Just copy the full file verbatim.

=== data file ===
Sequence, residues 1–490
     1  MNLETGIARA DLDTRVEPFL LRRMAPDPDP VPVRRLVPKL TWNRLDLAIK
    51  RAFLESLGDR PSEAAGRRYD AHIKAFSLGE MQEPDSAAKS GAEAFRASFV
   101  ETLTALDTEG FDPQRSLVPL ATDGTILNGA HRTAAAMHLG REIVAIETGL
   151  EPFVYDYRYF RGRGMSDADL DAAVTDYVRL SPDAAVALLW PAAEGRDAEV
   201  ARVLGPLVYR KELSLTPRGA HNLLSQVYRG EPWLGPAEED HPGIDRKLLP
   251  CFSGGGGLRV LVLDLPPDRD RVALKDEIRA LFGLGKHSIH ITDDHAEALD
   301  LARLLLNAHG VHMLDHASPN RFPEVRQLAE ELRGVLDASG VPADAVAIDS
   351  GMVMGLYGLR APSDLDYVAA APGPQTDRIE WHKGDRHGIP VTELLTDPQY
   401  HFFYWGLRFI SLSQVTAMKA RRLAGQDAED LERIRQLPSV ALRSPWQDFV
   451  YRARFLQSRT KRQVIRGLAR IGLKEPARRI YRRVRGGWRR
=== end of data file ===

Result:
Sequence, residues 1–490
     1  MNLETGIARA DLDTRVEPFL LRRMAPDPDP VPVRRLVPKL TWNRLDLAIK
    51  RAFLESLGDR PSEAAGRRYD AHIKAFSLGE MQEPDSAAKS GAEAFRASFV
   101  ETLTALDTEG FDPQRSLVPL ATDGTILNGA HRTAAAMHLG REIVAIETGL
   151  EPFVYDYRYF RGRGMSDADL DAAVTDYVRL SPDAAVALLW PAAEGRDAEV
   201  ARVLGPLVYR KELSLTPRGA HNLLSQVYRG EPWLGPAEED HPGIDRKLLP
   251  CFSGGGGLRV LVLDLPPDRD RVALKDEIRA LFGLGKHSIH ITDDHAEALD
   301  LARLLLNAHG VHMLDHASPN RFPEVRQLAE ELRGVLDASG VPADAVAIDS
   351  GMVMGLYGLR APSDLDYVAA APGPQTDRIE WHKGDRHGIP VTELLTDPQY
   401  HFFYWGLRFI SLSQVTAMKA RRLAGQDAED LERIRQLPSV ALRSPWQDFV
   451  YRARFLQSRT KRQVIRGLAR IGLKEPARRI YRRVRGGWRR